Ghana | ActionAid UK

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Manu Yaa has been working for six years to end violence against women and girls in Ghana.

‘I’m free with people. I like helping my community.’ Manu Yaa lives with her daughter in Brong Ahafo, Ghana, where she’s a member of her village’s anti-violence team. Manu says there used to be a lot of violence against women and children in her community, but after six years of her team’s work this has reduced considerably. Here’s how they’ve brought down violence in Brong Ahafo:

L-R: Naomi, Thomas and Doris are members of COMBAT squads - Community Based Anti-Violence Teams - working to end violence against women and girls, especially rape and child marriage, in their communities in northern Ghana.

Janet lives in Ghana with her mother, father and five brothers and sisters. When she was just 11, she was brutally raped by a neighbour. Thanks to the swift action taken by her dad, she is now recovering from the trauma. This Father's Day, we want to share the story of Janet and her dad. 

Young Ambassadors for the Send My Friend to School campaign, Emily (left) and George (right), meet girls from Ninkogo Primary School who are campaigning for improvements in local education.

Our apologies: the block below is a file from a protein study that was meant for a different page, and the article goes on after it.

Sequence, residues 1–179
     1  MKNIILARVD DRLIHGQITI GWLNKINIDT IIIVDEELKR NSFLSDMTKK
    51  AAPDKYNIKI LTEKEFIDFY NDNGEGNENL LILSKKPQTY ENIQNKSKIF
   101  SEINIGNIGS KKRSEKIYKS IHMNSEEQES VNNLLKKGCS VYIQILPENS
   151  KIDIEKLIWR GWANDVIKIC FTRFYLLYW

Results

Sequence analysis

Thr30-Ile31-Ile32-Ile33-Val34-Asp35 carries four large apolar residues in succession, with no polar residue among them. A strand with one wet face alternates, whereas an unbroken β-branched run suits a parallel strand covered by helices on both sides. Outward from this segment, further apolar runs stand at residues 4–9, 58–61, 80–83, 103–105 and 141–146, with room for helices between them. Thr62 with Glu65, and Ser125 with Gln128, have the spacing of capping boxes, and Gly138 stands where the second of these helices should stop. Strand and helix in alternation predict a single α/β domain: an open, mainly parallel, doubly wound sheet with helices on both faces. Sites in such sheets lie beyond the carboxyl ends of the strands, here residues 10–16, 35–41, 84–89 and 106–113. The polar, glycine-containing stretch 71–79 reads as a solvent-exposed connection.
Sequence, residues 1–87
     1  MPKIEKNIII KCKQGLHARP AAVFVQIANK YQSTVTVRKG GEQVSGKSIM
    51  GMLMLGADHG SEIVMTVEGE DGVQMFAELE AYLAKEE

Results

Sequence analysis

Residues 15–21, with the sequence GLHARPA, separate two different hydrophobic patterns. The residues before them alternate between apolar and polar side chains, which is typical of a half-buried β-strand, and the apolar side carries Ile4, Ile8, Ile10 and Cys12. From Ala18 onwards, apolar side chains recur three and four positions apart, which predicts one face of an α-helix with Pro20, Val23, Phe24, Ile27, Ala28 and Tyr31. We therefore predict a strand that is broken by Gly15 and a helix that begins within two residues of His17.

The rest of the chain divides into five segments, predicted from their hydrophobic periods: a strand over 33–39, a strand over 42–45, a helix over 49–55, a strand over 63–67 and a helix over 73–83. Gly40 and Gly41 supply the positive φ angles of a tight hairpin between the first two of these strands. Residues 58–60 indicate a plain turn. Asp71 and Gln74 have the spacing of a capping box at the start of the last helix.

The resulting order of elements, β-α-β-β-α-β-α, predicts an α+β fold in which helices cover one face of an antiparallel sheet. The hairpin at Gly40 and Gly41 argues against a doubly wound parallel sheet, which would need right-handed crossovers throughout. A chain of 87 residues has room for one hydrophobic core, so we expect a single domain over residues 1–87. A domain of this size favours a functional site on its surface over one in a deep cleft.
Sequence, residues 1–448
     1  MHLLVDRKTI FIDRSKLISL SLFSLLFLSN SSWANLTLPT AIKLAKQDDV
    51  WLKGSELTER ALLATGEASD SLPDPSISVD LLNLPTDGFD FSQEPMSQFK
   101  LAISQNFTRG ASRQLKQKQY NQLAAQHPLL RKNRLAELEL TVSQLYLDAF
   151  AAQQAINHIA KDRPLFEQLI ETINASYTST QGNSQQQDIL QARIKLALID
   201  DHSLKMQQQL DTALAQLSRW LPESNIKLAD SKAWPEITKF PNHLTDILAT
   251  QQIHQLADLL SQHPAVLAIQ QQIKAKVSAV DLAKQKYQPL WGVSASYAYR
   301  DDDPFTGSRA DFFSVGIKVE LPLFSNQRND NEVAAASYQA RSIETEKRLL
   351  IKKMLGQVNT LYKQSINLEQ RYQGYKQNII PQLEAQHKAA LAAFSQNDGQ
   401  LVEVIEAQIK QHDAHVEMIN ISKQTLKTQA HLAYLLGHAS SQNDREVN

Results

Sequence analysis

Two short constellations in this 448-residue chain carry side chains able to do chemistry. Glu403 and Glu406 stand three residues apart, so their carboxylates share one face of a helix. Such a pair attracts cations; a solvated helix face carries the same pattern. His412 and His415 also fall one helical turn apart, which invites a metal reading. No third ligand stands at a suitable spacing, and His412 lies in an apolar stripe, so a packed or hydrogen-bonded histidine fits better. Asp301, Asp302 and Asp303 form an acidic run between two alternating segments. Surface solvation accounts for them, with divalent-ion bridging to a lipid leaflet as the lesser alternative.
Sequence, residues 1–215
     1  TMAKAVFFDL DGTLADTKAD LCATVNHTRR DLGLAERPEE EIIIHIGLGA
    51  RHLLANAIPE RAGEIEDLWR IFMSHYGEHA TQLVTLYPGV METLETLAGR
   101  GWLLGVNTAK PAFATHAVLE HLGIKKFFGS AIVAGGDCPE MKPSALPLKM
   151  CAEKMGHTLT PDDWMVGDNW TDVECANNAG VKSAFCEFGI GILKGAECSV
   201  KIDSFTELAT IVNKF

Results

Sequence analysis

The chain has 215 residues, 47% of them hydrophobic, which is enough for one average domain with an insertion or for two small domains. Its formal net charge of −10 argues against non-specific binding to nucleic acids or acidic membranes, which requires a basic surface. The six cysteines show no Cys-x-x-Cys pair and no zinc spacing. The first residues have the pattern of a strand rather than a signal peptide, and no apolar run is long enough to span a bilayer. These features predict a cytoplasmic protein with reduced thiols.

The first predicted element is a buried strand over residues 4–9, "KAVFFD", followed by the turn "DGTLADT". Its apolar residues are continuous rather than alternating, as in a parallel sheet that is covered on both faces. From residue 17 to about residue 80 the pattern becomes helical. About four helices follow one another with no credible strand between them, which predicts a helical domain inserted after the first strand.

As one of the Young Ambassadors for the Send My Friend to School campaign, Emily Pemberton has just returned from a fact-finding trip to Ghana, where almost half a million children are missing out on school. As world leaders have been meeting at the World Education Forum in Korea to decide on new targets for global education, Emily reports on what it was like meeting young people being denied a future.

Penny goes shopping for a Christmas tree with her family

Award-winning parenting blogger and mother of two, Penny Alexander, supports ActionAid by championing our work. Here she shares her experience of sponsoring a child in Pakistan and describes why sponsorship matters to her whole family.

ActionAid’s work with the often ignored victims of torture

Last year I wrote a report – Condemned without trial: women and witchcraft in Ghana – and was shocked to find out that women end up in “witch camps” where they often live in terrible and degrading conditions until they die. The camps are effectively women’s prisons where the inmates have been given no trial, have no right of appeal, but have received a life sentence.